Genotype AA of the MBL2 gene was the most common, but no significant differences were observed in the genotypic and allelic frequencies between the three groups investigated (Table 1), even when comparing the presence of markers of past infections by C. trachomatis and C. pneumoniae (Table 2).

The median values of MBL plasma level were compared, showing that in the patient groups (CAD and HVD) there were significantly higher protein concentrations than in the control subjects (Figure 1A). A similar pattern in the distribution of MBL levels was observed in the three groups seropositive for the genus Chlamydia (Figure 1B).

Figure 1 Distribution of mannose-binding lectin (MBL) plasma levels in patients with coronary artery disease undergoing coronary artery bypass surgery (CAD), patients with heart valve disease undergoing valve replacement (HVD), and the control group (CG) (A); among the three groups with positive (B) and negative serology (C) for Chlamydia, and in relation to the different genotypes of each group (D, E, and F). Data are reported as medians (Kruskal-Wallis and Mann-Whitney tests). 

Comparison of the groups without evidence of prior Chlamydia infection revealed significant differences in the plasma levels between the CAD and control groups (Figure 1C). According to the different genotypes in the MBL2 gene exon 1, individuals with the AA homozygous wild type genotype had significantly higher plasma MBL levels than those with AO and OO genotypes, among the CAD, HVD and CG groups (Figure 1D, E, and F).

Comparative analysis of the MBL plasma levels between genotypes for the variations located on the MBL2 gene intron 1, according to previous seropositivity in the three groups, demonstrated that individuals with an AA genotype had significantly higher MBL levels than individuals with at least one allele variant (Figure 2A, B, and C). However, individuals without evidence of prior Chlamydia infection in the CAD and CG groups carriers of the AA genotype had significantly higher MBL plasma levels than those who had a heterozygous genotype for the investigated variations (Figure 2D and F). The same analysis in patients of the HVD group revealed no significant differences (Figure 2E).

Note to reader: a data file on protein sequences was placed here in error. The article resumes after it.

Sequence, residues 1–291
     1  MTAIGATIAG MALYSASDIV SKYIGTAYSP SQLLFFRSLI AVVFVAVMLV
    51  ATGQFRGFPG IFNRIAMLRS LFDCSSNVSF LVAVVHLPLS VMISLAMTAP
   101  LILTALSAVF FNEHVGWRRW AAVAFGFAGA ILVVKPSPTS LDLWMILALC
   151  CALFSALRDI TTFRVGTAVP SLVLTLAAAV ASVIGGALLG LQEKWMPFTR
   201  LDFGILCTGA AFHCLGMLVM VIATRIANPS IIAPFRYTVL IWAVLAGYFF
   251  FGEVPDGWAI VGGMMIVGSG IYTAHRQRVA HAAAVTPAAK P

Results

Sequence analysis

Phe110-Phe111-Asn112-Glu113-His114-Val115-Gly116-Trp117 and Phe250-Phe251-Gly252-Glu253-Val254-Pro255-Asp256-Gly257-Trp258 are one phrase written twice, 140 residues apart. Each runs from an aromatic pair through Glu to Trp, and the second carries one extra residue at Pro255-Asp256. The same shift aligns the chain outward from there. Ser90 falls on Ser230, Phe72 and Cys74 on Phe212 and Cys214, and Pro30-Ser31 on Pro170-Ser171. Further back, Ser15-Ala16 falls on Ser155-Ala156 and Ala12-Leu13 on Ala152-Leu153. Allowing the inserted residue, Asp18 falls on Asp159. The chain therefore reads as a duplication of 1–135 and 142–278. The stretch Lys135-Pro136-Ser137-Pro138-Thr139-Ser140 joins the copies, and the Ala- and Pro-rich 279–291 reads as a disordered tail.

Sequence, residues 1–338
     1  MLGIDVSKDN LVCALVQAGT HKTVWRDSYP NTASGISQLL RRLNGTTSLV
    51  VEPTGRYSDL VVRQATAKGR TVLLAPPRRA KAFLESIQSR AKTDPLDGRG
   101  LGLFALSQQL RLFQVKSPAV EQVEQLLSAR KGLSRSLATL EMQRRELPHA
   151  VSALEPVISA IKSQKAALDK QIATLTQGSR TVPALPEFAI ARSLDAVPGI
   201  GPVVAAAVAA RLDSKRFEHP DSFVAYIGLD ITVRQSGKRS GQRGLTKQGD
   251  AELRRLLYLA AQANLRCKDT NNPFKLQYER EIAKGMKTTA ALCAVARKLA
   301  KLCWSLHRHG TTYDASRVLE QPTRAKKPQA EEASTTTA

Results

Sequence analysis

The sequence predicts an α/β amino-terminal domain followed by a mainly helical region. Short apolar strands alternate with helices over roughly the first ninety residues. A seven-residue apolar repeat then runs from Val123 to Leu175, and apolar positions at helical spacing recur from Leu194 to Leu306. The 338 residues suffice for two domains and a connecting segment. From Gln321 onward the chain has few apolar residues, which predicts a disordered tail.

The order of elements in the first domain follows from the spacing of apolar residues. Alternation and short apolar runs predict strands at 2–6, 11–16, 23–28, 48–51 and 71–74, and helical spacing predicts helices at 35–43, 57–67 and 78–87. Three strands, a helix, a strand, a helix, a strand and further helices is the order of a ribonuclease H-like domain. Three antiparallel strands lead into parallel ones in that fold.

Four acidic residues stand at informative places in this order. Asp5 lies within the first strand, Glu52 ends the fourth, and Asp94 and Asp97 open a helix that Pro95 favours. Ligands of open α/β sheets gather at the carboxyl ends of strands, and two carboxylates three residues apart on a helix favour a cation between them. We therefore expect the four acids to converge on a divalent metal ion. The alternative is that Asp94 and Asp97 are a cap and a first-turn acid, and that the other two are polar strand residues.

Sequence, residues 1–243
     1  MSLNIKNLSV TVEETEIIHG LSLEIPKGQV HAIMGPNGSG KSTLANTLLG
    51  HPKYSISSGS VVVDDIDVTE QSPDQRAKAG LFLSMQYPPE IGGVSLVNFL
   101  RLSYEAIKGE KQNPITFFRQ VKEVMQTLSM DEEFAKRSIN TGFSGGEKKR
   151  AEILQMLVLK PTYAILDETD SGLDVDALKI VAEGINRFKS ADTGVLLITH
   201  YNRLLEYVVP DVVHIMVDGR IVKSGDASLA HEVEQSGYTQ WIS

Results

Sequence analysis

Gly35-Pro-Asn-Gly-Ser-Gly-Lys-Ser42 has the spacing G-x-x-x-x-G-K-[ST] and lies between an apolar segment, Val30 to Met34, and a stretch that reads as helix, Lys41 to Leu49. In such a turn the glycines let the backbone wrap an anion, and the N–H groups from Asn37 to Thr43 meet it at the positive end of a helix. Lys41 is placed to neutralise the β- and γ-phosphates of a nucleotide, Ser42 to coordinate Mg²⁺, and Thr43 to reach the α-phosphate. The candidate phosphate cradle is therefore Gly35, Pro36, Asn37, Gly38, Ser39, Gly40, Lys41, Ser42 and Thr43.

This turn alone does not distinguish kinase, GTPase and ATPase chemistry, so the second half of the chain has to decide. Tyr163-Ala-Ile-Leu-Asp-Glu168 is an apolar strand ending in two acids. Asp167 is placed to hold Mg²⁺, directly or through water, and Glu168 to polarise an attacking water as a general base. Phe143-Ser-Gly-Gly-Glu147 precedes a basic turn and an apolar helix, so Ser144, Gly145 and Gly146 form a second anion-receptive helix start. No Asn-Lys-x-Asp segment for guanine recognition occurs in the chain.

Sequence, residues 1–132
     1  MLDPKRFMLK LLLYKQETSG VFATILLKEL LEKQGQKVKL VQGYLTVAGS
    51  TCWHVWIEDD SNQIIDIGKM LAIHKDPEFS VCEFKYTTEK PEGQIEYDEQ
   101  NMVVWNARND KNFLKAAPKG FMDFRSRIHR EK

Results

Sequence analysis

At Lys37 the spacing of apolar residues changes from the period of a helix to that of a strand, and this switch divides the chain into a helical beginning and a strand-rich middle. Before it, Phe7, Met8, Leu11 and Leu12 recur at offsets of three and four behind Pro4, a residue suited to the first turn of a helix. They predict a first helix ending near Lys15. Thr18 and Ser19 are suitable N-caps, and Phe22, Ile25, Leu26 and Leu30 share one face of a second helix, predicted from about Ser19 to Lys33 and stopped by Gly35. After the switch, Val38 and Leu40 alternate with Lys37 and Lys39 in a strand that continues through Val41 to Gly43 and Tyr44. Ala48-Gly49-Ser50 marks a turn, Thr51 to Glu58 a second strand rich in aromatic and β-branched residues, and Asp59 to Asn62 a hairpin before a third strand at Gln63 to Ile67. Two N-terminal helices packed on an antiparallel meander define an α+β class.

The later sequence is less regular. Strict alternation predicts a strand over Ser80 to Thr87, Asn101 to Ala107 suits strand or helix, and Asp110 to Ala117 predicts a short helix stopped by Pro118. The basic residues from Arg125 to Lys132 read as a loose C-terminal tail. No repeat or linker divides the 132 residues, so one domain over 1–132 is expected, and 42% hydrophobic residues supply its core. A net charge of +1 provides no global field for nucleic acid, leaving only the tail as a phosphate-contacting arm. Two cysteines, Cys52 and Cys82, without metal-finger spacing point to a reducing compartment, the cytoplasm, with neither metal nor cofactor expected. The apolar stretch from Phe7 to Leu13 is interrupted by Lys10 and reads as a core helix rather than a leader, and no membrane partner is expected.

Figure 2 Distribution of mannose-binding lectin (MBL) plasma levels in relation to the different genotypes of (A) patients with coronary artery disease undergoing coronary artery bypass surgery (CAD), (B) patients with heart valve disease undergoing valve replacement (HVD), and (C) control subjects (CG) seropositive for Chlamydia, and seronegative for Chlamydia (D, E and F). Data are reported as medians (Mann-Whitney test). 

MBL plasma levels between groups (CAD, HVD, and CG) were evaluated according to the presence of serological markers for the Chlamydia species and were compared with the groups that did not show evidence of prior infection to either species. Participants who were seropositive only for C. trachomatis showed no significant difference in the MBL plasma levels among groups (Figure 3A). A significantly higher MBL levels was observed among CAD and HVD patients seropositive for C. pneumoniae compared to the control group (Figure 3B). Analysis of participants without evidence of prior Chlamydia infection showed significantly higher MBL plasma levels in CAD patients compared with those of the CG (Figure 3C).

As a consequence of the small number of individuals in the CAD, HVD and CG groups carrying MBL2 gene mutations and serological evidence of past infection with C. trachomatis, it was not possible to perform a comparative analysis, but individuals carrying MBL2 gene mutations who were previously infected with C. pneumoniae revealed significant differences in the MBL plasma levels among the AA and AO genotype carriers for all three investigated groups (Figure 4A, B, and C).

Figure 3 Distribution of mannose-binding lectin (MBL) plasma levels in patients with coronary artery disease undergoing coronary artery bypass surgery (CAD), patients with heart valve disease undergoing valve replacement (HVD) and a control group (CG) seropositive only for C. trachomatis (A), seropositive only for C. pneumoniae (B), and seronegative for Chlamydia (C). Data are reported as medians (Mann-Whitney test). 

Figure 4 Distribution of mannose-binding lectin (MBL) plasma levels in relation to the genotypes of (A) patients with coronary artery disease undergoing coronary artery bypass surgery (CAD), (B) patients with heart valve disease undergoing valve replacement (HVD), and (C) control group individuals (CG) seropositive only for C. pneumoniae. Data are reported as medians (Mann-Whitney test). 


In the present study, we investigated the possible association between the presence of MBL2 gene exon 1 mutations and previous infections with two species of Chlamydia in the predisposition for the development of cardiovascular disease. Variations in the MBL2 gene, which induce low serum protein levels, are associated with the susceptibility to infection and appear to influence the development of CAD (7,18,24).